For corporate customers (legal persons), the following KYC documents are required:

KYC Documents for a Corporate Customer’s Identification in UAE:

Trade License/Certificate of Incorporation/Memorandum of Association/Articles of Association/Certificate of Good Standing

KYC Documents for a Corporate Customer’s Address Verification:

Utility Bill (not older than 3 months)/Municipal Tax Record/Property Purchase or Rent Agreement/Bank Statement/Insurance Policy/Any other Government issued document capturing address

Other KYC Documents for a Corporate Customer’s Onboarding:

Audited Financial Statements, Register of Shareholders/Directors/UBOs, Board Resolution appointing authorized signatory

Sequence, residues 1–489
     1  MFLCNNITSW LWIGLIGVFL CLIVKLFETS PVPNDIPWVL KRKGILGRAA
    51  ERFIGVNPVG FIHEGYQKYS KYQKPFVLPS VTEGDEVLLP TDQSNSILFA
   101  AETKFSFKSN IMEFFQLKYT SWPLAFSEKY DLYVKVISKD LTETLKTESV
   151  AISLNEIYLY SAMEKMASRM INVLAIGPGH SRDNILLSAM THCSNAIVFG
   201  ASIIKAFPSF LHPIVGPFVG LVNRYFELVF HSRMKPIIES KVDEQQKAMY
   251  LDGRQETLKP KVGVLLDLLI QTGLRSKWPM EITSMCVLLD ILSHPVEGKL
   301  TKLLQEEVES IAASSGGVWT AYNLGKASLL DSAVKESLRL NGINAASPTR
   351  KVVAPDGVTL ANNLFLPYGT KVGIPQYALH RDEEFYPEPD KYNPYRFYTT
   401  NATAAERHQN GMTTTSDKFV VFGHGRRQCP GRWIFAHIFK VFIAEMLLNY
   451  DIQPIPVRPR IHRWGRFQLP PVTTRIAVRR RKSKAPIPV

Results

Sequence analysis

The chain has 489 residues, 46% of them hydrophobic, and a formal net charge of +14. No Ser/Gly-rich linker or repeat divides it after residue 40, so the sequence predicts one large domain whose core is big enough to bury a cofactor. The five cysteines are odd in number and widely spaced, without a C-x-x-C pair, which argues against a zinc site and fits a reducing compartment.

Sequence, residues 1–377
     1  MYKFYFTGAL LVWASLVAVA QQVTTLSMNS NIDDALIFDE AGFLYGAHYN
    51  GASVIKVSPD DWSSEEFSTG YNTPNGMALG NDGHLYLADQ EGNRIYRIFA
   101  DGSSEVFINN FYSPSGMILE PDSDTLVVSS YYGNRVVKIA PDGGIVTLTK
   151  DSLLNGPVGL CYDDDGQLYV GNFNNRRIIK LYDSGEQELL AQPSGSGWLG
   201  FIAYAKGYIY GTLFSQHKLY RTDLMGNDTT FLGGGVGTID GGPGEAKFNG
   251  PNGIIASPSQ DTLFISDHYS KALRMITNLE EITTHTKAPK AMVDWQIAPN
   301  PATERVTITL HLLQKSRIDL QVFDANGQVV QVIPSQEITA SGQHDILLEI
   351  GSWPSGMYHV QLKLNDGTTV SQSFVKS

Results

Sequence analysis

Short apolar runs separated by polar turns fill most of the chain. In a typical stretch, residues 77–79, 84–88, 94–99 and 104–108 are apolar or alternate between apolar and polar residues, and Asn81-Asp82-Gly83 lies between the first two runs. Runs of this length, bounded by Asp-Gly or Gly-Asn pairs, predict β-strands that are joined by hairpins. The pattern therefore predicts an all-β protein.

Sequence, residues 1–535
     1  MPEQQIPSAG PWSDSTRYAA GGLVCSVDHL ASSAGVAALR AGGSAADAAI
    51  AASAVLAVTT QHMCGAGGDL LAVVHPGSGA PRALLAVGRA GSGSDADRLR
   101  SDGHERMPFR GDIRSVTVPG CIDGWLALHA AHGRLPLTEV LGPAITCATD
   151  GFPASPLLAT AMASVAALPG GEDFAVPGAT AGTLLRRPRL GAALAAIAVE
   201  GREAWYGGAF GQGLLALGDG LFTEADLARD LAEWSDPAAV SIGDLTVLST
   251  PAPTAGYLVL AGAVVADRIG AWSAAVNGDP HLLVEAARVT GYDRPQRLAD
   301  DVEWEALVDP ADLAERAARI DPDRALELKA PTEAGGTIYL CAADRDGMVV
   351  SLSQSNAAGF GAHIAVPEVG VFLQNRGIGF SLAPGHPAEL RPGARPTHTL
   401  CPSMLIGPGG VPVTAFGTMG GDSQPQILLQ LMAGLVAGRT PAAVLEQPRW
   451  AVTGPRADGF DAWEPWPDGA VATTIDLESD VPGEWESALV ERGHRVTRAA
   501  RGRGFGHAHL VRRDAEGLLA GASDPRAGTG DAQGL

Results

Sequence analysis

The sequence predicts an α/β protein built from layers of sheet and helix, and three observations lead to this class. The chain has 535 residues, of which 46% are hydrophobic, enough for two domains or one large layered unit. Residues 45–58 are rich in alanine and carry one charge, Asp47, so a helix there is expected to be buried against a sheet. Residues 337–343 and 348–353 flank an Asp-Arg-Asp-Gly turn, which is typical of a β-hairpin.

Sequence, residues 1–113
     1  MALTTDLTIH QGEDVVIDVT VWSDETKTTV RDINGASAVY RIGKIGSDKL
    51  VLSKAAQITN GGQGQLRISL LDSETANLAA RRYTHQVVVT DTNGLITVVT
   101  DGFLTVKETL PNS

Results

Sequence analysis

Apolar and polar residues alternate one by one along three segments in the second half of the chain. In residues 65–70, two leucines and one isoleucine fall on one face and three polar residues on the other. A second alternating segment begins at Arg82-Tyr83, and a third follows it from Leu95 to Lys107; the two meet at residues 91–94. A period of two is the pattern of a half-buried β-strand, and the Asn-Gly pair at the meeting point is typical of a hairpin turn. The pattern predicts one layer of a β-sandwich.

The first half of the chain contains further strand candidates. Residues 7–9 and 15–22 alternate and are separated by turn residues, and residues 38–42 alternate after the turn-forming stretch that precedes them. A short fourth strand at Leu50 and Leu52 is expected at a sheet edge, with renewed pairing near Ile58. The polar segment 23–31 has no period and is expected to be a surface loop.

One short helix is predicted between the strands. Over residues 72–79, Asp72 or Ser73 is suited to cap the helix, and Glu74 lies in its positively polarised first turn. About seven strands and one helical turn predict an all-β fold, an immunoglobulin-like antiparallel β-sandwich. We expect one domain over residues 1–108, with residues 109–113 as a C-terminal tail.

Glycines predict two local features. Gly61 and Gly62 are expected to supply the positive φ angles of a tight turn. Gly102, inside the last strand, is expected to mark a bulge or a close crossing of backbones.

Implementing an effective KYC process

Here are a few steps that you need to follow in order to make the most out of KYC processes.

Step 1 - Customer profiling

Business enterprises have the right to determine the customer acceptance criteria and reject a certain group of individuals. For example, various factors like past records of criminal history or geographical locations might determine clients’ risk levels.

Step 2 - Customer identification

Obtaining personal information like birth certificates, valid identity documents, income documents, and proof of address in order to verify the identity of the customers.

Step 3- Transaction monitoring

Tracking the transactions of the clients while understanding the source of the customer’s income and also details about ultimate beneficial owners. If needed, reporting customers to proper authorities if any suspicious transactions are found.

Step 4- Risk management